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The PEN Mini is the smallest camera in the range, and it does this by not having too many dials and buttons for direct access to key settings. It's not really aimed at advanced photographers, who might find it a little frustrating to use, especially when compared with those higher up in the range.
As there's no mode dial, to navigate through the various modes the cameras offers, this is done via the screen after a press of the Menu button. Here you can choose between fully automatic, semi-automatic and fully manual modes, along with art and scene modes.
Although it's small, a grip on the front of the camera, combined with a thumb rest on the back of the camera makes it feel secure in the hand, even when shooting with one hand.
In terms of usability, the addition of a touchscreen on the PEN mini is a big improvement, making it easy to alter the focus point, or even release the shutter for ultra quick shots. As the touchscreen is capacitive, it's very responsive to light touches, making it great to use.
Although it's not tilting, it boasts a good angle of view from a variety of positions, meaning you can still just about use it in some awkward positions reasonably well.
The size of the autofocus point can be altered to make it easier to select a small target, this can be done by moving a slider up and down on the touchscreen after selecting an autofocus point.
Like the E-PL5, the settings menu screens can't be navigated via the touchscreen, but the options that appear in Live Guide or art filter mode can be. It's a shame there's no on-screen quick menu as on the OM-D as this would have made navigating this camera, with its lack of buttons, quicker.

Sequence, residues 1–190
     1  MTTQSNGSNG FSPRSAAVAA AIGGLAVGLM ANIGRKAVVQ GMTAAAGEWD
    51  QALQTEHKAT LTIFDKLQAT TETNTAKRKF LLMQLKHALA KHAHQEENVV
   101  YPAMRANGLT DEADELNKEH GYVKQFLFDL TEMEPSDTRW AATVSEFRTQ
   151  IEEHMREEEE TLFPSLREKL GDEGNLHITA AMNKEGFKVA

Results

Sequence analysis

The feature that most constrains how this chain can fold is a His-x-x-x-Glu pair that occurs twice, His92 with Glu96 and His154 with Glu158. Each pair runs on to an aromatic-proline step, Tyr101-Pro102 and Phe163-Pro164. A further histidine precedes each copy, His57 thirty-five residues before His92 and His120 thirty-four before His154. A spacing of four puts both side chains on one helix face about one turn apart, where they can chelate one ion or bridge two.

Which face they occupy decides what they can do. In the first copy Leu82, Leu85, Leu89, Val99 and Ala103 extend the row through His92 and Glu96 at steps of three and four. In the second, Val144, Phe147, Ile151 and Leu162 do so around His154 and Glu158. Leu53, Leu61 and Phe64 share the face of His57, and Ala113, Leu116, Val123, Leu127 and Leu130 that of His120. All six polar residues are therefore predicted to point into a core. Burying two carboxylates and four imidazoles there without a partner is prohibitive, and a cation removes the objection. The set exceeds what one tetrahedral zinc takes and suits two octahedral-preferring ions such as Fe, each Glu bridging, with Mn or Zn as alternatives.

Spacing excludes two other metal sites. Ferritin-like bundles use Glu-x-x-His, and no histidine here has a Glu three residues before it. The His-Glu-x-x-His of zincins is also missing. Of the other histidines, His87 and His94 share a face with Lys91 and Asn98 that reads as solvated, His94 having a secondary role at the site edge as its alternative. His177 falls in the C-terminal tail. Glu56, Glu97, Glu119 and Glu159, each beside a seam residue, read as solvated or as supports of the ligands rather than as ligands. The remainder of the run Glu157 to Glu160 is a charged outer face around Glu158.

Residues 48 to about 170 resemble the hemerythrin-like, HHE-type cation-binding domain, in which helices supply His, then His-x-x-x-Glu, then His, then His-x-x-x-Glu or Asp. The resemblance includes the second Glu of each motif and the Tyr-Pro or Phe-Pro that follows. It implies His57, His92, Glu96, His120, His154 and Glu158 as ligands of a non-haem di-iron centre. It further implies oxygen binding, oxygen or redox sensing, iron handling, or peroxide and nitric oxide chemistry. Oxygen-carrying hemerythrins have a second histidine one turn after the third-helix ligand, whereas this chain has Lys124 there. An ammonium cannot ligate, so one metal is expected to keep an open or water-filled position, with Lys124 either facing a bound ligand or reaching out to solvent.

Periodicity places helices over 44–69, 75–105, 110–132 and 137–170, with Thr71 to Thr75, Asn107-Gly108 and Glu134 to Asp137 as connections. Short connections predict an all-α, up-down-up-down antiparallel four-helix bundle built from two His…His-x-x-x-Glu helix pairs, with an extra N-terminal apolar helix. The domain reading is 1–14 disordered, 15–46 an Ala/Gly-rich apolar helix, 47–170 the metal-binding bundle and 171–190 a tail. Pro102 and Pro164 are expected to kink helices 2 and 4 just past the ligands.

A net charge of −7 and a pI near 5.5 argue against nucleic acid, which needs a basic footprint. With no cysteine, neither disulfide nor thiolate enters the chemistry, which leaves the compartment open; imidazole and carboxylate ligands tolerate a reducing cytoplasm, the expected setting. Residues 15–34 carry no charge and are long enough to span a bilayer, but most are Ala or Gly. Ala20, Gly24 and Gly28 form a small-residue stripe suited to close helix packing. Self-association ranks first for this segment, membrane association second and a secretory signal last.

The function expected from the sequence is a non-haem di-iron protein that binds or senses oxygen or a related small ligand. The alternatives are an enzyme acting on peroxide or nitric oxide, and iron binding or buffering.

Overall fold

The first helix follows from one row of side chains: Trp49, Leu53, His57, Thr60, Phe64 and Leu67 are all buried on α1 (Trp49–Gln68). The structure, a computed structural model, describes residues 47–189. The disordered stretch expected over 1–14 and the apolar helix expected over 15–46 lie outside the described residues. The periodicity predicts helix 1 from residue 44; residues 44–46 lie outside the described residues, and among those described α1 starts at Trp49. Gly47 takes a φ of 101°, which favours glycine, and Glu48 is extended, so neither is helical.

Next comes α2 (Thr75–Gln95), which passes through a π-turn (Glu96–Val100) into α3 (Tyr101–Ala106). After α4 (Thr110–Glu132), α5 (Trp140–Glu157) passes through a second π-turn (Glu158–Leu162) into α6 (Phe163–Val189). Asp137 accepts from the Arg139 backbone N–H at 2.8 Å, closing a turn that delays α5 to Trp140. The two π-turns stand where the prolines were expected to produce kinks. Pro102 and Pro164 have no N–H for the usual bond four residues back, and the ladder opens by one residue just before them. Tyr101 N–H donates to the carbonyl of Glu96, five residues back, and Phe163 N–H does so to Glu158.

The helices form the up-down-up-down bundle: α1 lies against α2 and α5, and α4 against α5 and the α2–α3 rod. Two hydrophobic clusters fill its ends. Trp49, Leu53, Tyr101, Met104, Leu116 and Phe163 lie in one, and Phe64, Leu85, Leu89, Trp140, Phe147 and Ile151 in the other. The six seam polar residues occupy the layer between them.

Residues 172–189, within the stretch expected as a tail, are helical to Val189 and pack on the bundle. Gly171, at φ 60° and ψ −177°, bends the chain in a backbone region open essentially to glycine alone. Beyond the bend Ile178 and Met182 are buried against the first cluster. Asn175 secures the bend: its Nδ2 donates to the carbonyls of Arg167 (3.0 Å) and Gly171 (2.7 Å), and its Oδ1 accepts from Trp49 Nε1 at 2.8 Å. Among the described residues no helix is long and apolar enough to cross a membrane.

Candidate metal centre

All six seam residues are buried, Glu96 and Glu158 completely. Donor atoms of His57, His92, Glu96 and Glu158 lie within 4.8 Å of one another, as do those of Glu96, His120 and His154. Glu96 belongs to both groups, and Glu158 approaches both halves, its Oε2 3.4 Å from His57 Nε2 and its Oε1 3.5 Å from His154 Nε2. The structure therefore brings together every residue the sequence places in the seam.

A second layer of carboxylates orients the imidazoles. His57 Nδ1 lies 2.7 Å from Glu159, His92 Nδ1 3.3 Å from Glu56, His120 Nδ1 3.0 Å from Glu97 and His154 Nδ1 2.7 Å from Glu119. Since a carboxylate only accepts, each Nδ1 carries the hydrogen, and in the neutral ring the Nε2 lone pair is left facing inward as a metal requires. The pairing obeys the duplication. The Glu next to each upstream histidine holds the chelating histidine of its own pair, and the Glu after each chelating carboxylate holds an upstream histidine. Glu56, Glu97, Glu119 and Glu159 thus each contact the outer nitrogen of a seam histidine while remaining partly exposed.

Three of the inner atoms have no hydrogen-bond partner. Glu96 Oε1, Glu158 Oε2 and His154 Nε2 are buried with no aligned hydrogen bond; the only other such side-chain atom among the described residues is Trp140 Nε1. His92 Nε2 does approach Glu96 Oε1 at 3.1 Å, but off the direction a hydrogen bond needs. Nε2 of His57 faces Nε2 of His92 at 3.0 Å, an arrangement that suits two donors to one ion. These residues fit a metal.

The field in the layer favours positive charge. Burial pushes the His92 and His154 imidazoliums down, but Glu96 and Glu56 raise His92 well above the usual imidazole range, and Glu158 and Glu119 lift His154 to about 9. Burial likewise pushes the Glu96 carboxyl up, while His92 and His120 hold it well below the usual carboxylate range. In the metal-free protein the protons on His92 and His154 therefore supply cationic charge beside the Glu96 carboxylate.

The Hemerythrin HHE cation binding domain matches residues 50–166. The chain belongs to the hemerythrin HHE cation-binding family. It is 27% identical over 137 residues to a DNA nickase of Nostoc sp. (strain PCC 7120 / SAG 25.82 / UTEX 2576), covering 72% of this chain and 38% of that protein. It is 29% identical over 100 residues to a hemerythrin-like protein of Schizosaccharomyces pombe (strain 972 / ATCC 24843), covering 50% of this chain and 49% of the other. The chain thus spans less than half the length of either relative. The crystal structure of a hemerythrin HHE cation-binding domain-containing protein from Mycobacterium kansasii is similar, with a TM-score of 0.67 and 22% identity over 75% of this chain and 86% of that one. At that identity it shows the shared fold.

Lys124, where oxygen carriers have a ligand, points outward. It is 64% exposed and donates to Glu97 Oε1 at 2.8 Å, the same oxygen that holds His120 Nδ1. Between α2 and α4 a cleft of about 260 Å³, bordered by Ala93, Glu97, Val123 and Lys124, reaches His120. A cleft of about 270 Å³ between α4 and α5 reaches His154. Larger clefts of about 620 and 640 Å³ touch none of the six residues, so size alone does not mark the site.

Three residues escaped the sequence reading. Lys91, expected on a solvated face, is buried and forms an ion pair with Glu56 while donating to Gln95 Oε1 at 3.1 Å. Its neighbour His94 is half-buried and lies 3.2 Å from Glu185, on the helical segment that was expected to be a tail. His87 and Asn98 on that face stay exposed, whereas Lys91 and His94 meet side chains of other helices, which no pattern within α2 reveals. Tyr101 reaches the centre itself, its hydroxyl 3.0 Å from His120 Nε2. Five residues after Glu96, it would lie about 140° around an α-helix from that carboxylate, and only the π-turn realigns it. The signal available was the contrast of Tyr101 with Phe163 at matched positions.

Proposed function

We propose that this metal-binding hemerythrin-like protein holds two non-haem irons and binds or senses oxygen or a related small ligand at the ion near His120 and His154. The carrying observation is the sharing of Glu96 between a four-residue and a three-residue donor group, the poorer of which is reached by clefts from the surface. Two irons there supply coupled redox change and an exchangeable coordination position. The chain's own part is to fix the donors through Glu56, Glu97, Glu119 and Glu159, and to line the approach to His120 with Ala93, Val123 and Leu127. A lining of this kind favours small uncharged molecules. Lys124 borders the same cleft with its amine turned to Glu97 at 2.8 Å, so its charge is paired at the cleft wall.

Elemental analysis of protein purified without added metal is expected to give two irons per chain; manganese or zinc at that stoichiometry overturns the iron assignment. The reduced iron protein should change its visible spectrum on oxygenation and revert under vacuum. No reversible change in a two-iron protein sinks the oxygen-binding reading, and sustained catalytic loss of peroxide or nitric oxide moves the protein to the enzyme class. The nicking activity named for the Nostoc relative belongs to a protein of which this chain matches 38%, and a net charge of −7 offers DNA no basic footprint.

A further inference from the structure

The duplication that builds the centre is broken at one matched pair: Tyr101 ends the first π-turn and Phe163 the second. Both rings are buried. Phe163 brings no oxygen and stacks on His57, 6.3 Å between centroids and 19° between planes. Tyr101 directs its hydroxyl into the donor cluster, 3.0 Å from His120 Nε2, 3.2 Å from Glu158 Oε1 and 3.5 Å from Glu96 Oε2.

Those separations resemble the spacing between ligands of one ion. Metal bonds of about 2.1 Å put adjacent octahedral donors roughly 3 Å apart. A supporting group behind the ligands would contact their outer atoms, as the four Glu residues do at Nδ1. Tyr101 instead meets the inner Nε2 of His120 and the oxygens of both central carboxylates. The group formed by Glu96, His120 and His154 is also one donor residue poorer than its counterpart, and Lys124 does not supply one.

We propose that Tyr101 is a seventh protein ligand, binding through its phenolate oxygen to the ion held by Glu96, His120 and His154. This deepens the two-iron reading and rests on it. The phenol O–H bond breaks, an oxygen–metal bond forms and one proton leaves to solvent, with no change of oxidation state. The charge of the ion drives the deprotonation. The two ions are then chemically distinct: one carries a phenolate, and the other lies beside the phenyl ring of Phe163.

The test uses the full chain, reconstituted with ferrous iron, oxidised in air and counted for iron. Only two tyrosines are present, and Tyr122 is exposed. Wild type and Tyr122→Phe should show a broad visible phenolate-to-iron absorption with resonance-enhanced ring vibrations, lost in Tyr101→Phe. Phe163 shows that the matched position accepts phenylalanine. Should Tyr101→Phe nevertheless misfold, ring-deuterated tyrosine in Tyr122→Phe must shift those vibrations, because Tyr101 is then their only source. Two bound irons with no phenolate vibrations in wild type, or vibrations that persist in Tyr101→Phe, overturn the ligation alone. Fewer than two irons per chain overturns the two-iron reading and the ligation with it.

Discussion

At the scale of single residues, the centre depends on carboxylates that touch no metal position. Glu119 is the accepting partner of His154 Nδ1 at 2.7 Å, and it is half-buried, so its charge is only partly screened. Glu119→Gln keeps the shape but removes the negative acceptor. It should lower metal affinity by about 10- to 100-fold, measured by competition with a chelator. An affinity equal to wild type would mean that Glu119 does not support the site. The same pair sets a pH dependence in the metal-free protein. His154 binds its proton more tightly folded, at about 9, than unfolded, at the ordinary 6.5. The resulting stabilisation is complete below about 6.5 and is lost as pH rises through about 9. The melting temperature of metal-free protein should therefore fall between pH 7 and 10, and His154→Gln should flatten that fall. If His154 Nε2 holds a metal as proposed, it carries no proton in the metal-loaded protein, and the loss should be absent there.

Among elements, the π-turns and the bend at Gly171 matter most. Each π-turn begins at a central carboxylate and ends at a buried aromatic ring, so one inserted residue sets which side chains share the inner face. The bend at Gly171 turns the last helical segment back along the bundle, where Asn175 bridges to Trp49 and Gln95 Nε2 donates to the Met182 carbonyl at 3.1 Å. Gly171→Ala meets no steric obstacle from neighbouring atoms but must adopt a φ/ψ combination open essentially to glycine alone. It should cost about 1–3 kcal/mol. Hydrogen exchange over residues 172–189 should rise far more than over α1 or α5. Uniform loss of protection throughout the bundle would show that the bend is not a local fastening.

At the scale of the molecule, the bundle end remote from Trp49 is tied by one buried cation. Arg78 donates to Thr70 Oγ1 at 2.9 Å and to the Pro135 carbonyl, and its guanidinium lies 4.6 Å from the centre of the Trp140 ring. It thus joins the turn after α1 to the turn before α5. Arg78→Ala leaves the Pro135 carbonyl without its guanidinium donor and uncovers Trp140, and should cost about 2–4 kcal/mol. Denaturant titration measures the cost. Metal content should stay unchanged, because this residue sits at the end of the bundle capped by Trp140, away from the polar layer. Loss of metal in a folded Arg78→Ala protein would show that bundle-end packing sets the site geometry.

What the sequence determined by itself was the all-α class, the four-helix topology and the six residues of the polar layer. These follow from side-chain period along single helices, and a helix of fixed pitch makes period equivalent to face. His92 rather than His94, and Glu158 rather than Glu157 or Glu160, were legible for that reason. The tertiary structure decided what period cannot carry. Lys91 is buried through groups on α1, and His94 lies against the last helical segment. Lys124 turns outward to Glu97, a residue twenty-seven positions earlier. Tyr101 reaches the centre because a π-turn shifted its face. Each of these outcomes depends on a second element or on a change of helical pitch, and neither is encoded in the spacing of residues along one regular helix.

One slight annoyance is the mechanism for altering aperture or shutter speed, which requires first a press of the up button on the directional keypad, and then further presses up or down to make changes. This can get a little frustrating if you find yourself often wanting to alter the exposure.
There's no flash included on the body of the camera, but one that plugs into the hotshoe comes in the box as standard. This is another aspect that helps keep the overall size of the camera down.
Like the Olympus OM-D, the Olympus PEN E-PM2 has the innovative new "Live Time" feature, which is used when shooting long exposures. To access it, you need to switch the camera to fully manual, and then set the shutter speed to the Live Time option.
Then, when you press the shutter release, the screen displays the image building up, meaning you can stop it when the exposure is about right, rather than having to guess.
Unlike some of the other cameras currently on the market, the Olympus PEN Mini doesn't have inbuilt Wi-Fi, but it is compatible with Toshiba's FlashAir Wireless LAN cards.
A free downloadable app is available for iOS and Android smartphones and tablets that enables you to transfer images from the camera to your device.
You can't control the camera via the app, which is disappointing, but perhaps this is something Olympus can work on in the future.
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Amy has been writing about cameras, photography and associated tech since 2009. Amy was once part of the photography testing team for Future Publishing working across TechRadar, Digital Camera, PhotoPlus, N Photo and Photography Week. For her photography, she has won awards and has been exhibited. She often partakes in unusual projects - including one intense year where she used a different camera every single day. Amy is currently the Features Editor at Amateur Photographer magazine, and in her increasingly little spare time works across a number of high-profile publications including Wired, Stuff, Digital Camera World, Expert Reviews, and just a little off-tangent, PetsRadar.